The Sunday before last I had the choice between a literate comedy (Holiday) in the screwball season and an early Polanski, full of disturbance, self-loathing and humiliation. I chose the former and it was wonderful – Cary Grant less frantic and still the acme of urbane, Katherine Hepburn lustrous, and with two marvellously subversive academics as the chorus. This meant I had to see Cul-de-Sac last Saturday.
There was an introductory talk by a Polish professor in film, who thought that it was in many ways the canonical Polanski work. While often funny and broad, it is of course unsettling in the degeneration of Donald Pleasence’s character and the shifting relations between the three protagonists. She promised us that eggs would be prominent as props, and they really were, mostly filling the fridge, showcasing Pleasence’s awkwardness and impotence, and providing rough sustenance for Lionel Stander. The music was very effective, with the same motif transposed from incidental themes to Dorleac’s loud jazz vinyl.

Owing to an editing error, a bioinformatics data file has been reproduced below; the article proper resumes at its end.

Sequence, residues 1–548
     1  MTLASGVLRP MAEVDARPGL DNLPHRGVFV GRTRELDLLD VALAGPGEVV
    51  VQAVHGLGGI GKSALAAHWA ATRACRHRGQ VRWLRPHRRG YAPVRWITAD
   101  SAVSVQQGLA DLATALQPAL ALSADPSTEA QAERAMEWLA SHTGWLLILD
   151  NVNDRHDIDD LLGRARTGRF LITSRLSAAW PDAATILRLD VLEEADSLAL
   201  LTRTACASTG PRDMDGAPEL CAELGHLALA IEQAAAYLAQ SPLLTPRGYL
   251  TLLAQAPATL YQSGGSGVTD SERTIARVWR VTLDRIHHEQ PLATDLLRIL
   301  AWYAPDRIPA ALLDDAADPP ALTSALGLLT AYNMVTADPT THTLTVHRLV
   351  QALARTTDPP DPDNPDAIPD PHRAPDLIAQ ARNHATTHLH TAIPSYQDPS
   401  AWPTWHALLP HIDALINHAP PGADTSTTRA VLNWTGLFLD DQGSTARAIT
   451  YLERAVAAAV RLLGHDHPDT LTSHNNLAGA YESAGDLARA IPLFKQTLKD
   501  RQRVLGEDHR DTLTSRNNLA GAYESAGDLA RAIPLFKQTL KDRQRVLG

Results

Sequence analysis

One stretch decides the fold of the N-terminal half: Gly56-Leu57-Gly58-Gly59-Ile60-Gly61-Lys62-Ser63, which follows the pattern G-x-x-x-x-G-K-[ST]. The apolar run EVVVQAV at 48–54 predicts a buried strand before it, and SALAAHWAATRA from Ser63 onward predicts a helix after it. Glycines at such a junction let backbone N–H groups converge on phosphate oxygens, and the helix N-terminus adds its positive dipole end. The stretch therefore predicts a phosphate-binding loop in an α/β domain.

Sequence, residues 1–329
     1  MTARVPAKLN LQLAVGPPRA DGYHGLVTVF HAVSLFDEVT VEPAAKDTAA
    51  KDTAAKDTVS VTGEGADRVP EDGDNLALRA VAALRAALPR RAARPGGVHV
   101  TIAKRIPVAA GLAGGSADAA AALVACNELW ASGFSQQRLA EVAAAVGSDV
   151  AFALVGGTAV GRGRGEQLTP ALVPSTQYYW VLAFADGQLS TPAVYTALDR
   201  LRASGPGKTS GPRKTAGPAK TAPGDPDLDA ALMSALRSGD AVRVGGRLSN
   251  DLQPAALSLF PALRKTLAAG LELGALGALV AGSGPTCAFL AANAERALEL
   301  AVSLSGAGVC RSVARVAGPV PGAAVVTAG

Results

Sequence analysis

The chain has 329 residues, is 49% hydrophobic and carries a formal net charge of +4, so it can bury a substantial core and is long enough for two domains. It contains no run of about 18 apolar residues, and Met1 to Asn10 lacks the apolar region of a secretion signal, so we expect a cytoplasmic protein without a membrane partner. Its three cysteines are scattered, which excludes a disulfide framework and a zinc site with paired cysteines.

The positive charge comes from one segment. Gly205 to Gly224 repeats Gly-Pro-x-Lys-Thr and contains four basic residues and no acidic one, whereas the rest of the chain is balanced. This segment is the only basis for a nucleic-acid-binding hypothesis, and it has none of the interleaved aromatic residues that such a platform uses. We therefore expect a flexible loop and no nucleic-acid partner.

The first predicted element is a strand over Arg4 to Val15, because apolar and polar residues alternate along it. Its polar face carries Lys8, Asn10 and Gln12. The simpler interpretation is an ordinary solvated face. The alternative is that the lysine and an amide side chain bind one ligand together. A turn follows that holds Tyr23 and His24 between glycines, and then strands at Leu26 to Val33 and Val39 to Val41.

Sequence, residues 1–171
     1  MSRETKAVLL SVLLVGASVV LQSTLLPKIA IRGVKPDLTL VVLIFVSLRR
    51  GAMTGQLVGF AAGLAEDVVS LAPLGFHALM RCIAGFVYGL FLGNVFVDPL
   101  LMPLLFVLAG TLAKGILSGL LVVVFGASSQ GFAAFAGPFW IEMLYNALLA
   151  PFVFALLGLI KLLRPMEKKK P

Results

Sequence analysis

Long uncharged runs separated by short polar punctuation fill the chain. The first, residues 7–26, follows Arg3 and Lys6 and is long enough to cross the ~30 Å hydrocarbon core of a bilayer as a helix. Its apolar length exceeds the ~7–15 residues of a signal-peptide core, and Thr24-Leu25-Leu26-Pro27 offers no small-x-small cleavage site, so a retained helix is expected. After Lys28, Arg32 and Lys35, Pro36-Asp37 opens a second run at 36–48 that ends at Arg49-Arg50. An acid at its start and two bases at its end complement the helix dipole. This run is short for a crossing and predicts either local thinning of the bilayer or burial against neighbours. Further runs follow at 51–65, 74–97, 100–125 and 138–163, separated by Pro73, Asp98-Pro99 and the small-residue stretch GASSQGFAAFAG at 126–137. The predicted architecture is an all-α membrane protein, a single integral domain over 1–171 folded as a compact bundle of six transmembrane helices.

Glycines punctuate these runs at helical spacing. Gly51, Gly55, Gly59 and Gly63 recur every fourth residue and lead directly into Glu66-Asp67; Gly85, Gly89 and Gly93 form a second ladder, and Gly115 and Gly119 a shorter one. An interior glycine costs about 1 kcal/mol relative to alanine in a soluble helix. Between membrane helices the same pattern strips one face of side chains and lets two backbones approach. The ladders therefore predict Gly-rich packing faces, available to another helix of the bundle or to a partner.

Apparently the shooting was nearly as fraught as the on-screen action…and, as usual, there was a lot of overlap between Polanski’s own life and the plot.
Lindisfarne seems more appealing now, actually.